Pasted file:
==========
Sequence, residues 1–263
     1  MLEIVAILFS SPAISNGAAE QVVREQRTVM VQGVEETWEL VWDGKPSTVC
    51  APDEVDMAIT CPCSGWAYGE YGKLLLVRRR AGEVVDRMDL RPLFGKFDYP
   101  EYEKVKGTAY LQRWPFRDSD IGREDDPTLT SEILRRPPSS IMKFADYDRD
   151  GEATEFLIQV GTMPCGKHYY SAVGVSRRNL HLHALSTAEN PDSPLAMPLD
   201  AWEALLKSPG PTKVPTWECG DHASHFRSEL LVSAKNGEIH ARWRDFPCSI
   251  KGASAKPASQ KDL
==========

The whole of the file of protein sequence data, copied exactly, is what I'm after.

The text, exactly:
Sequence, residues 1–263
     1  MLEIVAILFS SPAISNGAAE QVVREQRTVM VQGVEETWEL VWDGKPSTVC
    51  APDEVDMAIT CPCSGWAYGE YGKLLLVRRR AGEVVDRMDL RPLFGKFDYP
   101  EYEKVKGTAY LQRWPFRDSD IGREDDPTLT SEILRRPPSS IMKFADYDRD
   151  GEATEFLIQV GTMPCGKHYY SAVGVSRRNL HLHALSTAEN PDSPLAMPLD
   201  AWEALLKSPG PTKVPTWECG DHASHFRSEL LVSAKNGEIH ARWRDFPCSI
   251  KGASAKPASQ KDL